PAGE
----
How could the rating companies have got it so wrong? The answer: information asymmetry. It appears that all parties involved face different challenges when obtaining and quality of information. To begin with, rating producers and indices deploy their own proprietary methodologies and data to analyse companies. The result of them using different ESG definitions, measurements and weightings for different indicators often lead to conclusions and verdicts that can be distinctly different from one index to another. Furthermore, they rely heavily on information provided by the companies being rated, essentially allowing the latter to feed only favorable data, potentially creating huge biases.

This, in turn, poses problems for the investors. First, without standardization across ratings, it is difficult for investors to compare across the indices created by different providers. Second, the fact that interpretation of data by rating companies can be vastly different, often leaving investors struggle to determine which rating or score would meet their own investment criteria or goals. Another key problem the investors face is that they rely on the rating and index producers to capture the latest information and news and to incorporate them into their ratings.

For the rated companies, even though they can select the information to be submitted, they often suffer from other problems. For example, as the rating criteria and dimensions are determined by the index producers, the companies that are keen to be seen as ESG-compliant are frequently left wondering how to improve their own ratings. There is also uncertainty over whether investors have enough information to recognize other positive – and negative – factors related to their competitors which are unaccounted for in the ratings.

In short, the problems emerge from a lack of clarity, consistency, and transparency of ESG ratings as well as information asymmetry and shortage.

AI to power ESG

One potential means of mitigating these issues is to consistently collect qualitative information quickly in order to reinforce the quantitative data already in use. Up-to-date qualitative data has the ability to not only help investors and rating producers to be much better informed but also such data can also be used to set up key inputs that could be used as the basis to form common minimum standards.

This is by no means merely a theoretical argument – a new and major initiative is underway in Asia to fashion AI into a tool to collect and process qualitative data. The AI-powered solution seeks to help stakeholders mine the vast amounts of qualitative, unstructured data through automation. Until now, gathering and gleaning insights from social media, daily local news, and freshly available reports has been a slow and labour-intensive activity, fraught with inaccurate results.

AI technology is a potential game-changer as it can act as a scalable solution that allows for speedy unearthing, collection and handling of vital information. Algorithm-driven systems can easily and effectively crawl the worldwide web and scrape unstructured data on companies from a range of sources. Subsequently, they can also swiftly parse and convert the excavated data into usable structured ones. This, in turn, allows for curated output that is valuable for all parties involved, thereby drastically mitigating the information asymmetry problem. In addition, using natural language processing technologies to perform analyses that capture sentimental, contextual and semantic factors embedded in the collected data, it will be possible to discern the tone of the information provided. Such analytical algorithms could be trained to go through a certain type of conversation and identify the tone by comparing the words used to a reference set of existing information.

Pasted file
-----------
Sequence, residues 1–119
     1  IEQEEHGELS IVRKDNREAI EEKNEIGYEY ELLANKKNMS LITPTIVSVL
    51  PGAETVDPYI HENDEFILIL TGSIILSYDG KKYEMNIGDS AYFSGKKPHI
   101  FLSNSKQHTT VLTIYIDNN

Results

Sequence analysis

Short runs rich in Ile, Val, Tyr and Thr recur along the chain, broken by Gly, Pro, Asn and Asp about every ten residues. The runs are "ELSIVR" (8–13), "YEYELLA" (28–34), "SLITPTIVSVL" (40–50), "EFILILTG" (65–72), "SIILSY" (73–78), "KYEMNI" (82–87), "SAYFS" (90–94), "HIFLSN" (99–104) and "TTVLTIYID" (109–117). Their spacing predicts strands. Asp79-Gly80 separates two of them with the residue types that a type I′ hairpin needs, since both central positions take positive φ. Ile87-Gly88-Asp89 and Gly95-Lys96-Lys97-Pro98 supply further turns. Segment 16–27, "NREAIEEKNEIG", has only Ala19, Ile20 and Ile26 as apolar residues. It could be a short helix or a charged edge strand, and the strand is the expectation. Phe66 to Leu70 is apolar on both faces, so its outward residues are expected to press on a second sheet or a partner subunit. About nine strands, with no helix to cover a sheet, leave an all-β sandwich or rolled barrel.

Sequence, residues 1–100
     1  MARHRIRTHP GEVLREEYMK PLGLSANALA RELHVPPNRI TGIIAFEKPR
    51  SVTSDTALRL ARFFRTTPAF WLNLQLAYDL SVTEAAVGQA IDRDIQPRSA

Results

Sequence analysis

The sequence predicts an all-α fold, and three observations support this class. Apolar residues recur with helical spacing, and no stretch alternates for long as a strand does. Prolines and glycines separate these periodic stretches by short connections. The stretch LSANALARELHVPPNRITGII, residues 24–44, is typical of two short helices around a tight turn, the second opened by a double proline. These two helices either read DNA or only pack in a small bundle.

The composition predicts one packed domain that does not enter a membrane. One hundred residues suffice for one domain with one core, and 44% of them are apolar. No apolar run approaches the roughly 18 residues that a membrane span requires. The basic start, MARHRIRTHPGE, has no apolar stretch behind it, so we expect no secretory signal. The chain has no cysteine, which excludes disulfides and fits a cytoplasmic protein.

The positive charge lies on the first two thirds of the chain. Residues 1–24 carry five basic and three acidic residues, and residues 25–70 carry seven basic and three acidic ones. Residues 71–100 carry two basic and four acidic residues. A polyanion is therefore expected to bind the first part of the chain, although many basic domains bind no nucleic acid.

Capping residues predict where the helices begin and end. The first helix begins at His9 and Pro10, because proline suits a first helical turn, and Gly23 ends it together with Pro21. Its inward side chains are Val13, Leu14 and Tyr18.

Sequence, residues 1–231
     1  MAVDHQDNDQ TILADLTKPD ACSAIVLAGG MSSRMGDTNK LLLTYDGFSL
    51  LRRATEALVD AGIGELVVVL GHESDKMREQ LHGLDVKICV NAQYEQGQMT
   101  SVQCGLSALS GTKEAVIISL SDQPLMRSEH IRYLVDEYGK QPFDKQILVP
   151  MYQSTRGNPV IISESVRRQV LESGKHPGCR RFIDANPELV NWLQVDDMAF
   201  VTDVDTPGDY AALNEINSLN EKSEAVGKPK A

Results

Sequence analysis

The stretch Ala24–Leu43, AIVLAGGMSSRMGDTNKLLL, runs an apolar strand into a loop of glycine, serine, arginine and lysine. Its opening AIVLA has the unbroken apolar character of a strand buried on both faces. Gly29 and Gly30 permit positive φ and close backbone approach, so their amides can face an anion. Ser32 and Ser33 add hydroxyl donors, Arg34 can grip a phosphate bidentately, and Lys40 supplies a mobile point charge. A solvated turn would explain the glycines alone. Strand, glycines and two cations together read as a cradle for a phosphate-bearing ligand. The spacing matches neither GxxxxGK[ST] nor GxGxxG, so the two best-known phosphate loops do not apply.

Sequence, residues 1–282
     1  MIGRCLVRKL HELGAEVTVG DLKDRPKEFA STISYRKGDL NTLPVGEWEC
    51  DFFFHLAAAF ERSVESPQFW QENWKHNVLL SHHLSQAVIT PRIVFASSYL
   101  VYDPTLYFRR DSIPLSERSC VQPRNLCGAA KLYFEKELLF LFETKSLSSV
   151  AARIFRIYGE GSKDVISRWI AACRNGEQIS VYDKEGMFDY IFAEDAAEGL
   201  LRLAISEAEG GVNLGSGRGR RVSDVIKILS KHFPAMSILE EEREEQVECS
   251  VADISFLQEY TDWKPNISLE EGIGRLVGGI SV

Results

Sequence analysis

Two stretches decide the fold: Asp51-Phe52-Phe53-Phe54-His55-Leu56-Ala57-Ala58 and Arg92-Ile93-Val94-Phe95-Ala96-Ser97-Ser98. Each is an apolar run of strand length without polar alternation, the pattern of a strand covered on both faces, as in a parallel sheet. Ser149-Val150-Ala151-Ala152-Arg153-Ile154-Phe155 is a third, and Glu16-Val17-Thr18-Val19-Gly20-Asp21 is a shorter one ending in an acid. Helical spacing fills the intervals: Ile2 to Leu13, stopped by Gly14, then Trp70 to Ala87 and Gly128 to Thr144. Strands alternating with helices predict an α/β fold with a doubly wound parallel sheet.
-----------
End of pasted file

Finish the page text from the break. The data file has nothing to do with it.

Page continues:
Something for everyone

The benefits can be huge for all the parties in question. Investors can hence better comply with ESG requirements and make more informed decisions by incorporating ESG data into their investment strategies, for example by implementing negative/positive screening. On the other hand, rating producers are in a better position to identify and control ESG related issues and risks such as improving their company operations and supply chain due diligence. As for the rating and index providers, real-time signals can offer early warnings and timely indicators, enabling them to produce more accurate updates. Furthermore, these providers can expand the scope of analysis using AI-derived information to complement their current quantitative methods.

A chance to make a difference?

While the use of AI to drive ESG is still in its nascent stage and the results of the ongoing efforts in Asia remain to be seen, history is filled with examples of how technologies have helped attain social goals and create a better society. It is very much hoped that by investor empowerment, particularly those who are ESG-orientated, it will be possible for ESG to be a well-respected and common business practice instead of just another fad or slogan advocating sustainability. Just as with fire, AI can be a bad master but a very good servant. Using AI in the right way can no doubt help with our endeavor to raise ethical standards.



Four ways traders can manage risk



By Dáire Ferguson, CEO at AvaTrade


Understanding the markets in which you are trading is incredibly important to optimising profit, as well as manging risk and loss. While trading can be incredibly lucrative, it can often be difficult to judge which way the market will move – especially when executing shorter-term traders, where unknown factors can cause unexpected movements. Being aware of the risks is vital to avoid unnecessary losses and to optimise the trading experience.